The Adam Smith Institute has just produced an excellent article explaining the case for using farmland for housing. They explain that much agricultural land including greenbelt is not green.
It says that there is a “strong case” for the planning system to be abolished and replaced by a free market.
Mischa Balen, the author of Land Economy, said “This is a simple, market-based solution to Britain’s housing problem. As a policy the greenbelt is 60 years out of date and is creating artificial boundaries.”
The article summarises that:
- Planning policy in Britain is out of date. It is overly bureaucratic and too unwieldy to deliver efficient results, it is too prone to politicization, and it serves to protect the countryside at the expense of development.
- London is becoming densely populated to an unsustainable level. Expanding housing around the capital would ease this pressure, and the economic stimulation in other parts of the country which development would bring would also help to create a more sustainable Britain.
- Sympathetic development would create jobs and opportunities in rural areas, and by increasing supply would help to lower house prices, thereby ensuring that everyone can afford to become a stakeholder. At present, the young and low waged find it difficult to afford housing.
- The countryside is not the beautiful and tranquil place it used to be; all too often, it is a monoculture of intensively farmed crops, which harms biodiversity and employs relatively few people.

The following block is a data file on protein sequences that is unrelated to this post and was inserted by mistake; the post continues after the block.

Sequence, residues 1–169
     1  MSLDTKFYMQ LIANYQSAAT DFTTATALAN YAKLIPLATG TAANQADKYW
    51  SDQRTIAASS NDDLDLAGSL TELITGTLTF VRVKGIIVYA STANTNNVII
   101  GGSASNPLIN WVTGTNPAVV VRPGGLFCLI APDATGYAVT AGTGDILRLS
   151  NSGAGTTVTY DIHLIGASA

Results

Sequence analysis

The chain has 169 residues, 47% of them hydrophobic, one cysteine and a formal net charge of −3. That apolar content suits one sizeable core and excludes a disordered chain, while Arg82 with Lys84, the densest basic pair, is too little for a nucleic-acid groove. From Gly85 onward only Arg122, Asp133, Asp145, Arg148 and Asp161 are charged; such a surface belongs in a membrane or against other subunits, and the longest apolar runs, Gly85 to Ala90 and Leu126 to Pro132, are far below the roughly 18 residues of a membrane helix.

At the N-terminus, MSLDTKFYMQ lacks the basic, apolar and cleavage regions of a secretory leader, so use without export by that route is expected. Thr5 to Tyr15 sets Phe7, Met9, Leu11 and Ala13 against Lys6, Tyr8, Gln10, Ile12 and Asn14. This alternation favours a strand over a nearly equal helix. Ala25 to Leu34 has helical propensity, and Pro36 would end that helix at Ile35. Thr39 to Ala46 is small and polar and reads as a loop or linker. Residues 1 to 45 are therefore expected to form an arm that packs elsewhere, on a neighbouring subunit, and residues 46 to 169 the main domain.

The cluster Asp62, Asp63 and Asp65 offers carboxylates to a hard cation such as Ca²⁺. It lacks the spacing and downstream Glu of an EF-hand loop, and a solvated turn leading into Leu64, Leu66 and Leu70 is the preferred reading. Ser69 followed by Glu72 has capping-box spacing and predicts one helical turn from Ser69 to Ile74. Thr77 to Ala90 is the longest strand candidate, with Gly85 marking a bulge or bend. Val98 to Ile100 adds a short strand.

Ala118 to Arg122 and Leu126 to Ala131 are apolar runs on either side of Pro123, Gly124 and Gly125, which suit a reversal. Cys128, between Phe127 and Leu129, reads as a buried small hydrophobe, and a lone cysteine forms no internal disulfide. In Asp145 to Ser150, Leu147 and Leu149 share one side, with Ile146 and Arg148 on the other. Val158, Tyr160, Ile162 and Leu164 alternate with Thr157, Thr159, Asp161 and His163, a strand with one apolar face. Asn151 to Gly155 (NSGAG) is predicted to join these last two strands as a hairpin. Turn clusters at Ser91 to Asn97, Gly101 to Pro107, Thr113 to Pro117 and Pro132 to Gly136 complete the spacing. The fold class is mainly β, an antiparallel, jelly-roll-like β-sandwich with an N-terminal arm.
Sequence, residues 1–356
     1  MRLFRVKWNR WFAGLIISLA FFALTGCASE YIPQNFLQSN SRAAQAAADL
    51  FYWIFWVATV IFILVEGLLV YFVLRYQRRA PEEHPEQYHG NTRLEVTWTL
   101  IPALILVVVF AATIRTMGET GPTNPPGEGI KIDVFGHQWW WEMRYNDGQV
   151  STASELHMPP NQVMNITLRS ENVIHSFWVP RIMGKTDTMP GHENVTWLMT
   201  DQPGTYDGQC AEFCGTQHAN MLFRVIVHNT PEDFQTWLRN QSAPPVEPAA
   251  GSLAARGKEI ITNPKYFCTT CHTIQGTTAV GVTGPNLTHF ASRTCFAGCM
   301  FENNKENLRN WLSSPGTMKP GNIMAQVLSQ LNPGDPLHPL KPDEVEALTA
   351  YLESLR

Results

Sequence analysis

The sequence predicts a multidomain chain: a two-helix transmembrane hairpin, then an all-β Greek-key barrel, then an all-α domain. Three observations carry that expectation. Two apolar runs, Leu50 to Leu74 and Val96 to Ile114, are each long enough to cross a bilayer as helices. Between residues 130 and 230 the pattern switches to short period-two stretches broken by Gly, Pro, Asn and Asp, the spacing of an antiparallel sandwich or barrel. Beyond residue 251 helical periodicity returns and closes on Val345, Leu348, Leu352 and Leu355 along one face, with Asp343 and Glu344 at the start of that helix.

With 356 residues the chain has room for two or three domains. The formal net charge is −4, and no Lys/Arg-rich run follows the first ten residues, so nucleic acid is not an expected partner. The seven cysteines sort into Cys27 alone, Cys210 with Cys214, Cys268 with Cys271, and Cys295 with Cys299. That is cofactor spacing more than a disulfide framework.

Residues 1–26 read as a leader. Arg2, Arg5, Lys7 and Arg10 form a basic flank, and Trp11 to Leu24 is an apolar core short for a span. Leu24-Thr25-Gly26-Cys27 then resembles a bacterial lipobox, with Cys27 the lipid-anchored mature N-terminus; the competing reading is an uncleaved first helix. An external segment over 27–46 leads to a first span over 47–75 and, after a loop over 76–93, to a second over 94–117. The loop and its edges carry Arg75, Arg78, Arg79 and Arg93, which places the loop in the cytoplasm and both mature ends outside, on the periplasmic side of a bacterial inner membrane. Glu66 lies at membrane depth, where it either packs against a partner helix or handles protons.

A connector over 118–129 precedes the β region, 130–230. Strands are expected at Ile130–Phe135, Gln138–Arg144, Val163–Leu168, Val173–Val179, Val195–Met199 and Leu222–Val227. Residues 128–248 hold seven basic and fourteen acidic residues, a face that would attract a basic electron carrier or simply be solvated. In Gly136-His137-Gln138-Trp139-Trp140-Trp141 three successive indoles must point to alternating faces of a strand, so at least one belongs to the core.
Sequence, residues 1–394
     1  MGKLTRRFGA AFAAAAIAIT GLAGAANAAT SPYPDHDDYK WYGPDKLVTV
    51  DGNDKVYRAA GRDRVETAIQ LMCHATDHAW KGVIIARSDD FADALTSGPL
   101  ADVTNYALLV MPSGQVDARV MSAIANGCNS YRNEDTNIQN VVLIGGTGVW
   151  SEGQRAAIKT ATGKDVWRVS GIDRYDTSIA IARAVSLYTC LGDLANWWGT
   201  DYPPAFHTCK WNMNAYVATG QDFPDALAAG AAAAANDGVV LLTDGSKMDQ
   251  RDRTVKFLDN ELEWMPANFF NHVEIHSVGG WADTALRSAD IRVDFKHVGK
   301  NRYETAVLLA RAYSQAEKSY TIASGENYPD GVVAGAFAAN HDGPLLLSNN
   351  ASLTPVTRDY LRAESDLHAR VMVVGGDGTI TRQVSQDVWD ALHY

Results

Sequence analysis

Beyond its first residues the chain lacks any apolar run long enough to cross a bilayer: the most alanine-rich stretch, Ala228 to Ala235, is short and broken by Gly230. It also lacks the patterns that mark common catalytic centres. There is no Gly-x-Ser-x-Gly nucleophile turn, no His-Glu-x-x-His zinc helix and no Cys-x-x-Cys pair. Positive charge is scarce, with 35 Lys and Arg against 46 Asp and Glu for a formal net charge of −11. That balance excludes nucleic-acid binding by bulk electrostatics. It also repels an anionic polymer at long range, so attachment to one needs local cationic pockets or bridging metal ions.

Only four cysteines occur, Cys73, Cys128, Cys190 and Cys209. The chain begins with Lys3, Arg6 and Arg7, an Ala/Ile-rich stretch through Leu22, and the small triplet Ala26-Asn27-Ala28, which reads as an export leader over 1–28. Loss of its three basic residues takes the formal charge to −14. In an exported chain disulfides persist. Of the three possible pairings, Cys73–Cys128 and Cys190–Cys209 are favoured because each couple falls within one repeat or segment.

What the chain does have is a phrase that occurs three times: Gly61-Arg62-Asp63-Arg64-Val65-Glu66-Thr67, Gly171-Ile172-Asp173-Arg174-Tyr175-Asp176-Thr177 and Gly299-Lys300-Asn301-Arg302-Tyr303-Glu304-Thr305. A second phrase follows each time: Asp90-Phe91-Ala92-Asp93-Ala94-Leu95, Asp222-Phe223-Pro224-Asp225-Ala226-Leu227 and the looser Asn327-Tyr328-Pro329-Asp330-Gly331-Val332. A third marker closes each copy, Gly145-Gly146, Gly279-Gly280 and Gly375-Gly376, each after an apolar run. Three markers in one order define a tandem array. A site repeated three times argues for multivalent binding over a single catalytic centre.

- Planting woodland in certain areas of the UK would significantly improve biodiversity and would help to regreen England
They go on to explain that:
In Britain, 90% of the population live in urban areas amounting to no more than 8% of total land space.1 At the same time, ecologists and planners tell us that there is simply no room to expand our bursting cities.
The National Housing Federation has argued that in order for planners to meet housing demand, we would need to abandon the green belt. London, (which accounts for 17% of the UK’s GDP), and the Southeast are the areas most desperately in need of new housing.
The existence of the green belt and restrictive planning policies mean that this demand for extra housing in the Southeast cannot be met. With a restricted supply of land but rising demand, prices inevitably rise.
We do not have enough houses, and our present housing developments are inefficient and wasteful. We continue to protect a degraded countryside which benefits comparatively few people in a way that prevents thousands from getting onto the housing ladder.
Green belts are not rich in wildlife; indeed, a more accurate term for them might well be ‘green deserts’. Farming in Britain is pesticide intensive, which limits the number of insects (and, by extension, animals) which can live off green belt land. Green belt land is now simply too toxic to be able to support a variety of creatures. Indeed, Dr Keith Porter of English Nature remarked that lowdensity developments with gardens and public open spaces would provide more favourable habitats for species than the giant pesticide-treated cereal fields that dominate much of the countryside now.
The article is very informative and the summary above does not do it full justice – as such I recommend that you look at the article in full which can be found at (www.adamsmith.org)